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An Introduction to Buddhist Art

Editor’s Note: Dr. Andrey Anatolyevich Terentyev studied Sanskrit, Tibetan and Indian Philosophies and Religions. He obtained his Ph.D. in the field of Oriental Studies (Russia). Currently, he is a visiting lecturer at the International Buddhist College.

Buddhist art is a precious part of our human cultural heritage. Thousands of masterpieces of Buddhist art are kept in museums and private collections all over the world and numberless Buddhist monuments adorn the lands of many countries. Buddhist art can be approached from numerous perspectives. Here we shall try to understand the meaning of Buddhist art in the context of Buddhism itself. We shall explore how the Buddhist art – ‘visual Dharma’ – presents the Buddha’s Teachings, and how it is used for the purpose of teaching. Our main focus, therefore, is not the history of Buddhist Art, but the meanings hidden in its iconography.

What is religious art needed for in Buddhism?

1. Primarily, it is to inspire and enhance spiritual progress. Take the story of the first Buddhist painting: when ‘the wheel of existence’ (Sanskrit, ‘bhavacakra’), drawn under the personal directions of the Buddha, was presented to King Udrayana as a gift from King Bimbisara, Udrayana, having meditated on it throughout the night, reached the level of ‘non-return’ – progress which would otherwise take years, or even lifetimes.

2. Buddhist art is believed to be able to transmit blessings, or the inspiration of great masters. As the Lotus Sutra says:

If even he, whose sight is far from pure,

The image of Sugata on the wall will see –

some later day millions of Tathagatas will he meet!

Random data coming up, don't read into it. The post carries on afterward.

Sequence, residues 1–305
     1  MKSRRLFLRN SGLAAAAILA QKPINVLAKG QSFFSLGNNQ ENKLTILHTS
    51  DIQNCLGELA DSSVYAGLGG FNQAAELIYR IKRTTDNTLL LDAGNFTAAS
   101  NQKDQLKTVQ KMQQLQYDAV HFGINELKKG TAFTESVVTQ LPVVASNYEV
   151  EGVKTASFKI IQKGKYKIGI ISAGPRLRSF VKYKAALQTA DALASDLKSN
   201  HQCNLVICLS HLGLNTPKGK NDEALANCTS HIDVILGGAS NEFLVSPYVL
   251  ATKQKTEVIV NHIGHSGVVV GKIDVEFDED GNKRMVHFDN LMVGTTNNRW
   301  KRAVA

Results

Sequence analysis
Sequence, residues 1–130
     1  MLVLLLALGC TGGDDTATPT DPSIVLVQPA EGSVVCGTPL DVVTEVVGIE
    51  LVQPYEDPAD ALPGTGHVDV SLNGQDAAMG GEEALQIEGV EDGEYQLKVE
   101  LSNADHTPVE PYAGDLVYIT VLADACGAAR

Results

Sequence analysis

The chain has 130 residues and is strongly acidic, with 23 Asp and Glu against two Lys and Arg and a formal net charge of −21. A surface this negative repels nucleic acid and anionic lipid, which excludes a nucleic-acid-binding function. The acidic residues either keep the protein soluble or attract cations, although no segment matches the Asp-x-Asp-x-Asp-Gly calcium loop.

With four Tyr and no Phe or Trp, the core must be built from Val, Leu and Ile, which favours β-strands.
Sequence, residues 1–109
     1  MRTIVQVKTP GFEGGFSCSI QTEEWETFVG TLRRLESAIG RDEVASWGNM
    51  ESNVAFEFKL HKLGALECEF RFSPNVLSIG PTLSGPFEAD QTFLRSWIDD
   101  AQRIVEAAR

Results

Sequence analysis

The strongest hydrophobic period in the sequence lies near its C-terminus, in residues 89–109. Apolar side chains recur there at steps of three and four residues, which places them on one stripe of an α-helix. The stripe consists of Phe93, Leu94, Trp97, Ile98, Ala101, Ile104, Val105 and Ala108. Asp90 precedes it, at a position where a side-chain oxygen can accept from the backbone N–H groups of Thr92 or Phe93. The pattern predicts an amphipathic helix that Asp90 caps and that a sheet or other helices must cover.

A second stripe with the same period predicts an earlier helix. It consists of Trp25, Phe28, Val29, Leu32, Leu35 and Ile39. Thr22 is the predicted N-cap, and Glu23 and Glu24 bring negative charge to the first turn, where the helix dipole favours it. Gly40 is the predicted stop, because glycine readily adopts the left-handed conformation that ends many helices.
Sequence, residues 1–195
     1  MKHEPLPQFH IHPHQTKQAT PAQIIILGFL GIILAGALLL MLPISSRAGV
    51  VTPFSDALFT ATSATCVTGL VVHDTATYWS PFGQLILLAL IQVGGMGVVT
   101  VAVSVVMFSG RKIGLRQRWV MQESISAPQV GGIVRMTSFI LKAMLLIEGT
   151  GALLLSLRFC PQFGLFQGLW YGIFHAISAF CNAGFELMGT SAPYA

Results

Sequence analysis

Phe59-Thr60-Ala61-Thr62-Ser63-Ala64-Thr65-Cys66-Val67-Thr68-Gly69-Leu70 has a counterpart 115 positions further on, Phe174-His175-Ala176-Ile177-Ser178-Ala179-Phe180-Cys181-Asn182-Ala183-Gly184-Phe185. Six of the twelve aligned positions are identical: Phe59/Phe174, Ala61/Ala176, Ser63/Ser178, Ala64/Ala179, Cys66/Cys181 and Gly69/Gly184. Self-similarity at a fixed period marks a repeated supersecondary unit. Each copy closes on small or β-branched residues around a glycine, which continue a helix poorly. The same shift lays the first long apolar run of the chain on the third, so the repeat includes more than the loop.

In some cases one can even reach liberation just by looking at an image of the Buddha – what is called in Tibetan mthong sgrol – ‘Liberation [through mere] seeing’.

3. Art is also used to facilitate meditation and different ritual practices. The Buddha image, for example, serves as a base for shamatha meditation, and different Tantric images are needed for certain initiation ceremonies, et cetera.

4. Images are created and worshipped for collecting merit.

Sacred images, such as clay tsa-tsa, sculptured or painted images.

5. Buddhist art may remind the viewer of the meaning of the Dharma: ‘… if you have the inner experience of what the [image] symbolizes, every time you see a Mahayana painting, a deep positive imprint is placed upon your mind, and you receive transcendental wisdom. In fact, these paintings are talking to you, beyond words’ – Lama Yeshe, Becoming Vajrasattva: the Tantric Path of Purification. Wisdom Publications, 2004, p. 44.

How to relate to Buddhist art

For a Buddhist, any Dharma images or symbols belonging to any Buddhist tradition or place of origin are associated with the Awakened one and must thus be treated respectfully, regardless of the materials they are constructed from and their artistic quality. An example of this was set by the Indian sage Atisha, who, when asked by a student, ‘Is this statue of Manjushri good or bad?’ answered, ‘The body of the sublime Manjushri cannot be ‘bad’, but the sculptor’s work is mediocre.’ Atisha then blessed himself with the statue. Similarly, the sacred images of other religions should be treated respectfully.

Three Sakya Lamas – Tibet, 15th Century. Private collection
The Great Stupa of Dharmakaya Which Liberates Upon Seeing. From Shambhala Mountain Center
A Tibetan ‘tsagli’ used for initiation ceremonies – (Collection of the Museum of History of Religions, St. Petersburg, Russia.)

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